The European Central Bank raised interest rates by half a percentage point on Thursday. The hike comes after shares of Credit Suisse, one of Europe’s largest banks with nearly $600 billion in assets, hit all-time lows after its largest shareholder refused to invest more in the bank.
“The euro area banking sector is resilient, with strong capital and liquidity positions,” officials at the central bank wrote in their official satement. “In any case, the ECB’s policy toolkit is fully equipped to provide liquidity support to the euro area financial system if needed and to preserve the smooth transmission of monetary policy.”
Late yesterday, the Switzerland’s central bank, the Swiss National Bank, said it would loan Credit Suisse up to $54 billion to to ensure the bank has enough cash on hand after its difficulties raising capital during a troubled restructuring process. Credit Suisse’s stock rallied on the news.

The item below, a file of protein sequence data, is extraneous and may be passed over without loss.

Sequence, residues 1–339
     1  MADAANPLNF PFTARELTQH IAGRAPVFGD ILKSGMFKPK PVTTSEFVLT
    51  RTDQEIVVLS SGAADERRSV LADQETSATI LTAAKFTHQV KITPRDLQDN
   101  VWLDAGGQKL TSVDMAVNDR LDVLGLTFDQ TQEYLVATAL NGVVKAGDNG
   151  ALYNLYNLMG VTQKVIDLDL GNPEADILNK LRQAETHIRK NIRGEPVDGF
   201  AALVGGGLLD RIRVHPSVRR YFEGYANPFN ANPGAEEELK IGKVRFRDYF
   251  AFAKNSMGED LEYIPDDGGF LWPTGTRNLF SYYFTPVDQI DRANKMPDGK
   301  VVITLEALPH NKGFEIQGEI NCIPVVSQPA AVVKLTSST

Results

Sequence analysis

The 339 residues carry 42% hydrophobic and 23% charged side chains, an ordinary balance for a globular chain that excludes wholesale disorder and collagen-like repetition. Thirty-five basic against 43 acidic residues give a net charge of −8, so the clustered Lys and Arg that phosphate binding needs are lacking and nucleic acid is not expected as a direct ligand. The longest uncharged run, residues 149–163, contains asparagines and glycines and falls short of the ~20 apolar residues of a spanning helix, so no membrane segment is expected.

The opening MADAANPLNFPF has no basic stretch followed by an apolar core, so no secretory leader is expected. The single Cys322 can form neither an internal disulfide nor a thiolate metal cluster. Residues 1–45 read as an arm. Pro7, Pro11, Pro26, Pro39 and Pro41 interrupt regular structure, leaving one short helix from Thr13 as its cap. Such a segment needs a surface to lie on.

The ECB also revised down its inflation prediction for 2023. Instead of forecasting inflation increasing to 6.3% for the year, it now sees inflation at just 5.3%. This is still well above the bank’s 2% target, but the change is based on European energy prices coming in lower than previously expected.
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Many economists expect the ECB’s American counterpart, the Federal Reserve Bank, to slow its pace of interest rate hikes after the closing of Silicon Valley Bank, Silvergate Bank, and Signature Bank last week. Higher interest rates are one factor that led to all three failures.
Goldman Sachs analysts even predicted this week that the Fed wouldn’t hike at all in March, a turnaround from its prior prediction of a 25 basis point hike.